To show you how some past loan images were created, we'll be sharing some images from PPA's loan collection and how the photographer created them. This is "Moon Light Dance" by Frank Salas, M.Photog.Cr., A-ASP, of Frank Salas Photography in Irvine, California.

franksalas_moonlightdance_blog.jpg

"Moon Light Dance" was taken minutes before the end of the wedding couple's reception at the St. Regis Hotel, Monarch Beach Resort, in Southern California. Wedding day time constraints typically test the photographer's creativity, Salas says. "By offering to stay until the end of most events, I'm able to spend a few more minutes looking for new scenic spots where I can create something unique not only for the couple but for myself as well."

CAMERA & LENS: Canon EOS 5D Mark III camera, Canon EF 24-70mm f/2.8L USM lens
SETTINGS & EXPOSURE: f/2.8 for 1/80 second, ISO 1600
LIGHTING: Available light only
POST CAPTURE: Processed and retouched in Adobe CS6 and Lightroom 4; enhanced with filters in Nik software


Stay tuned for more loan images and the stories behind them. In the meantime, you can view the 2013 results on PPA.com. Plus, look for an online gallery of IPC images coming to PPA.com soon!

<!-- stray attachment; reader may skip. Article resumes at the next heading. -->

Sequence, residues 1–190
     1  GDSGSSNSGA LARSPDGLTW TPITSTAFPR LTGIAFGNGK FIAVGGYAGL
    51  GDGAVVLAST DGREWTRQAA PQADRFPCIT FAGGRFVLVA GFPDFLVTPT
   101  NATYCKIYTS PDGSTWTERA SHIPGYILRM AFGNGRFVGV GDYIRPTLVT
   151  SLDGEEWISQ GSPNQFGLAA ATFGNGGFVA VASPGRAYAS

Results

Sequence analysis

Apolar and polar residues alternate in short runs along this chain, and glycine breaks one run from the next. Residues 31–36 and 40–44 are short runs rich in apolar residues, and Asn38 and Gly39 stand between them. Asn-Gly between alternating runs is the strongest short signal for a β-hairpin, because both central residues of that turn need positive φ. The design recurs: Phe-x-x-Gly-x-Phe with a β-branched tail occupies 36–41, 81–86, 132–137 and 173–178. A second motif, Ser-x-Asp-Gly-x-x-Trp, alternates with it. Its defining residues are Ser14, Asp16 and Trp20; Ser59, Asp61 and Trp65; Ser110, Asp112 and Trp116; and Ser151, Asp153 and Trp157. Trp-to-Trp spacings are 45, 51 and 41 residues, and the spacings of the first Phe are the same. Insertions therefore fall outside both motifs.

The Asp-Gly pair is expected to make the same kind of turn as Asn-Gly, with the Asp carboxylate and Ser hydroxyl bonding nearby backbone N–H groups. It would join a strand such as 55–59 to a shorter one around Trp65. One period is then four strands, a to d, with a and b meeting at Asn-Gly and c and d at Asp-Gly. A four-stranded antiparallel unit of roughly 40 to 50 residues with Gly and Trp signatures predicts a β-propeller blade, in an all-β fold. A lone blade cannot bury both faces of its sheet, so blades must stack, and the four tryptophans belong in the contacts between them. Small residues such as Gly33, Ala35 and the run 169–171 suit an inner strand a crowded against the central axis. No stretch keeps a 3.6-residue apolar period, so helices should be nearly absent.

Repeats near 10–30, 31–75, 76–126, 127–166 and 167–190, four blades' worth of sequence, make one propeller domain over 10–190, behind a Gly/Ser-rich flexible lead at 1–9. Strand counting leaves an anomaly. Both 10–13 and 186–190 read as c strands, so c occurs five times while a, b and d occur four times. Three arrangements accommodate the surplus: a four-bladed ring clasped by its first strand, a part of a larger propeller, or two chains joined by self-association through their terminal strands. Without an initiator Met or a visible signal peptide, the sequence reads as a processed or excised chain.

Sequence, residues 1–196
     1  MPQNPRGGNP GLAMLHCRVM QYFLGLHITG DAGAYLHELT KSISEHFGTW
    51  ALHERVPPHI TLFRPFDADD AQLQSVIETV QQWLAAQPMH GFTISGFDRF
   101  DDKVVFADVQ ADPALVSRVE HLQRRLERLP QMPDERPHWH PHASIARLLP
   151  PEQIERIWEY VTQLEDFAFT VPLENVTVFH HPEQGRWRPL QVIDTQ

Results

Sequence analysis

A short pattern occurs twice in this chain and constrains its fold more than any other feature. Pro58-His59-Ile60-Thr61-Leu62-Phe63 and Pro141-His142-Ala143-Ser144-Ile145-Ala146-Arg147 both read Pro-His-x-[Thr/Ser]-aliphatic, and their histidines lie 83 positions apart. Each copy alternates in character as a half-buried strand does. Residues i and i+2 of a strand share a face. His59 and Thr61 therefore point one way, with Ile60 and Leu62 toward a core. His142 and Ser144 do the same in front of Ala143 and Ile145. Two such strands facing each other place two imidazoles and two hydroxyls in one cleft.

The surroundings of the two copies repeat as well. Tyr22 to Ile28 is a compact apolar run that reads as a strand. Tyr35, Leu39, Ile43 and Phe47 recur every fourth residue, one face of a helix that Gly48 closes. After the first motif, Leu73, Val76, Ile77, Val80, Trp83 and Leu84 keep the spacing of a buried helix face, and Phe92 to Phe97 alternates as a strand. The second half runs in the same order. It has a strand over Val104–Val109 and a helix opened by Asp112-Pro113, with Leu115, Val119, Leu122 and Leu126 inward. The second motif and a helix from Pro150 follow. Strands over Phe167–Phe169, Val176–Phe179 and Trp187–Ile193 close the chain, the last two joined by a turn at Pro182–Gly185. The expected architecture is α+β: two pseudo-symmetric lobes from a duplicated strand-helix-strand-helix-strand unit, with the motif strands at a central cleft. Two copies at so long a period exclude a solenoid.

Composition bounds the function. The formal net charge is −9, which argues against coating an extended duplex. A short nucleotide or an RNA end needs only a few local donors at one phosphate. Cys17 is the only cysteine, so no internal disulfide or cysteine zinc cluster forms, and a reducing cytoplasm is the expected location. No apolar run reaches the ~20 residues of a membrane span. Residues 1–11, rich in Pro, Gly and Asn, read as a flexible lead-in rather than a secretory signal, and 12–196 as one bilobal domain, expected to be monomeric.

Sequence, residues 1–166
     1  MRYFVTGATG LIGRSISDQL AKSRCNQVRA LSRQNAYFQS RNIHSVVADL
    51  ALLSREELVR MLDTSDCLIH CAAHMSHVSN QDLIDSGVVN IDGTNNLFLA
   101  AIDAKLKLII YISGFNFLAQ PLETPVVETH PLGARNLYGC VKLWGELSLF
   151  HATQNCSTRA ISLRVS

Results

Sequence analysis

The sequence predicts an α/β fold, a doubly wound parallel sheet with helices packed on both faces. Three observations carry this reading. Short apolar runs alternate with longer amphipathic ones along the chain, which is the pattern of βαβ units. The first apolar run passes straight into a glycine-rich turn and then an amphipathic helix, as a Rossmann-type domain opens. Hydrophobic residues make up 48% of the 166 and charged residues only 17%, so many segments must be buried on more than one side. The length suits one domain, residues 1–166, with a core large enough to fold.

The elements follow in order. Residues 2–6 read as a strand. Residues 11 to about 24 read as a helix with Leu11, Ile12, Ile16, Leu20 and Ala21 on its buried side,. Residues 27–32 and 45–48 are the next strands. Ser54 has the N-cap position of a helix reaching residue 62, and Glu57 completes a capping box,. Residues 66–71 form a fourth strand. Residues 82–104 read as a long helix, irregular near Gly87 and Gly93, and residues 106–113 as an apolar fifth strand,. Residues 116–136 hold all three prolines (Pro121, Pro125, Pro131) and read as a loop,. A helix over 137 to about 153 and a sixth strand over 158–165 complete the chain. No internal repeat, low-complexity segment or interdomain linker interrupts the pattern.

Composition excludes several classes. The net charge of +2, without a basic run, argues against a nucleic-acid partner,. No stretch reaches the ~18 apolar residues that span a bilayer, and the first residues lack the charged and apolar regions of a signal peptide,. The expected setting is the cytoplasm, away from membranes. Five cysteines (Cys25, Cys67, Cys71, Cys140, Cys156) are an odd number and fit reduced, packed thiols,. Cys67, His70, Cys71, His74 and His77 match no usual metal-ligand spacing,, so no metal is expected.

And don't forget to stop by the International Photographic Exhibit at Imaging USA in Phoenix January 12 - 14, 2014 to see loan images from this year's IPC in person. 

IMAGE © FRANK SALAS

Are you planning on entering PPA's International Photographic Competition (IPC)? Having your work judged can be intimidating, but it's well worth it to receive feedback so you can continuously improve your photography.

Better yet, if your image scores high enough you will become part of the PPA Loan Collection and have your work displayed to over 10,000 of your peers and the general public at Imaging USA, January 12-14, 2014, in Phoenix, AZ.

In an effort to inspire you to enter the competition and to show you how some of these loan images are created, here is a past loan collection image and the story behind it.

Voila! This is "Our Rhapsody in Blue" by Allison English Watkins, M.Photog.Cr, CPP.. You'll find the story on how this image was created below!
watkins_rhapsody_blog.jpgWatkins is an award-winning portrait photographer and owner of English Photography, in Park City, Utah. "Our Rhapsody in Blue" is a portrait of fellow photographer, Kris Doman, M.Photog., CPP, and her family, and was captured on the Bonneville Salt Flats of Utah.